Film Review: Aftersun captures the complexity of father-daughter relationships

A24, please never stop delivering family relationship based films

Film cover with a dad and young daughter sitting on a beach looking at the ocean.

By: Kiara Co, SFU Student

Charlotte Wells has brilliantly crafted her directorial debut with tender love and care. Released on October 28, Aftersun has been screening in film festivals like the Cannes Film Festival and the Toronto Film Festival. Produced by A24, the company has a track record of releasing films that tackle one-on-one family relationships, from grandchild and grandmother in The Farewell (2019) to father and son in C’mon C’mon (2021). Alas, we now have Aftersun, which shows the complex dynamic between a father and daughter. 

Aftersun is about a girl named Sophie (Frankie Corio) who looks back at her vacation twenty years ago with her father, Calum (Paul Mescal) through flashback memories and recorded footage on a camcorder. With this simple premise, it conveyed plenty of emotions to the screen. 

The film begins lighthearted and heartwarming but becomes intensely melancholic. Many of us can relate to not being able to comprehend what’s going through our parents’ minds, and looking back at family vacations can bring up mixed emotions. Sometimes it feels like our parents have hidden something best left unknown. Despite the heartwarming bond between parent and child, it’s difficult to detach the feeling of being lost.

What stood out with this film is the cinematography. Wells not only captured the emotional bond between Sophie and her father, but also conveyed the feelings associated with spending time with a loved one on vacation. The film captured fresh, breezy, and warm tones, which allowed me to feel the warmth these characters felt. It also included plenty of grain in capturing past memories. The film shifts back and forth from the memory lapse and present time as we see Sophie trying to recollect memories of her father.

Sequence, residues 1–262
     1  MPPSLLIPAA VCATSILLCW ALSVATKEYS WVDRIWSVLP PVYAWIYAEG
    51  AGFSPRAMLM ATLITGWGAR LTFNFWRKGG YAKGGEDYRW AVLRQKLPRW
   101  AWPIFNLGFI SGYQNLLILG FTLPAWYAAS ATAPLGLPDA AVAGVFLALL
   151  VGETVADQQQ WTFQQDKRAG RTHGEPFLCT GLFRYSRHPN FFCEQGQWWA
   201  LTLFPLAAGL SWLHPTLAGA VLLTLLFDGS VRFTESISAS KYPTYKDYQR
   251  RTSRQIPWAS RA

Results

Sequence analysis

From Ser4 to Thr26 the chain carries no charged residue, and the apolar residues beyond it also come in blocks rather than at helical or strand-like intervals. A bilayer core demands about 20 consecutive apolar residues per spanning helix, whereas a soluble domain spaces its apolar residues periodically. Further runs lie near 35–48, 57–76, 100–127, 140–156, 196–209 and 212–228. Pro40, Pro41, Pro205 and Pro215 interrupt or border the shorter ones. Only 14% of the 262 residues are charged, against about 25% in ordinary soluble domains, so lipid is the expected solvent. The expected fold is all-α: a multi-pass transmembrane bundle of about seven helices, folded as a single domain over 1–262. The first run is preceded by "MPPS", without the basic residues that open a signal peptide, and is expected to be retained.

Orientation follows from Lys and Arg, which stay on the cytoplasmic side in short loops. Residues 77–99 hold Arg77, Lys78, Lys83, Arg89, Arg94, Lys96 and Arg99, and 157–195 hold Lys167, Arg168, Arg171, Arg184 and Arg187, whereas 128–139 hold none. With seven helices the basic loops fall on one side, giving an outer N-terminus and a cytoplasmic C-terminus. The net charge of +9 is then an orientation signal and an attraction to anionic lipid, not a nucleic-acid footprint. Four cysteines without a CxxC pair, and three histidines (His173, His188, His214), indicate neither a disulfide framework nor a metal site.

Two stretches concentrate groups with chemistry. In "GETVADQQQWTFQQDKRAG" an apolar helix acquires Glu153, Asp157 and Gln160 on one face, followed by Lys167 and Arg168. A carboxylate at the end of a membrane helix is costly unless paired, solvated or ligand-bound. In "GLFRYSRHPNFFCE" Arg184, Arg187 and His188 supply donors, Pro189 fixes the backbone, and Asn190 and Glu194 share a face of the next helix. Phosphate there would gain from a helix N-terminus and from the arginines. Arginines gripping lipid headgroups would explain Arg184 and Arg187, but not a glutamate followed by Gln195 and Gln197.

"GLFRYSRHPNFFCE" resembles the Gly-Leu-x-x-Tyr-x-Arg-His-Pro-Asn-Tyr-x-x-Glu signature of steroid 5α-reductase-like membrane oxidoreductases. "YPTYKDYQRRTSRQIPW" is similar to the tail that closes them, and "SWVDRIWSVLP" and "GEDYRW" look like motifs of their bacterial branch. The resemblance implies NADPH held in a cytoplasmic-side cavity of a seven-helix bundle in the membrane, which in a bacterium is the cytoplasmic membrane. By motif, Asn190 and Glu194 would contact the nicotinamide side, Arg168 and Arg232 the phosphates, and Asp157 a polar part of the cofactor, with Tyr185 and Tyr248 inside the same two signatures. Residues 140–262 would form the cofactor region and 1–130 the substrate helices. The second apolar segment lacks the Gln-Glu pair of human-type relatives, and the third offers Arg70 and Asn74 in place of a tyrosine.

Both Corio and Mescal had natural chemistry bouncing off each other through their line delivery. Corio brought an impressive acting debut performance and was able to carry the story with her humorous, curious, and substantial on-screen presence. In addition, she brought out a perfect amount of cute, childlike innocence with the role of Sophie

On the other hand, Mescal, notably known for his Emmy-nominated role in Normal People, struck an emotionally fleshed-out performance once again. He convincingly conveyed a young father struggling to hide his internal struggles from his young daughter to preserve her innocence. His performance hit the mark on how fathers often close themselves off emotionally from their children, which leads to children questioning who their parents really are.

Aftersun is one of the best films of 2022. Immerse yourself in a summertime holiday in an hour and forty-one minutes: it’s sure to make you laugh and shed some tears.

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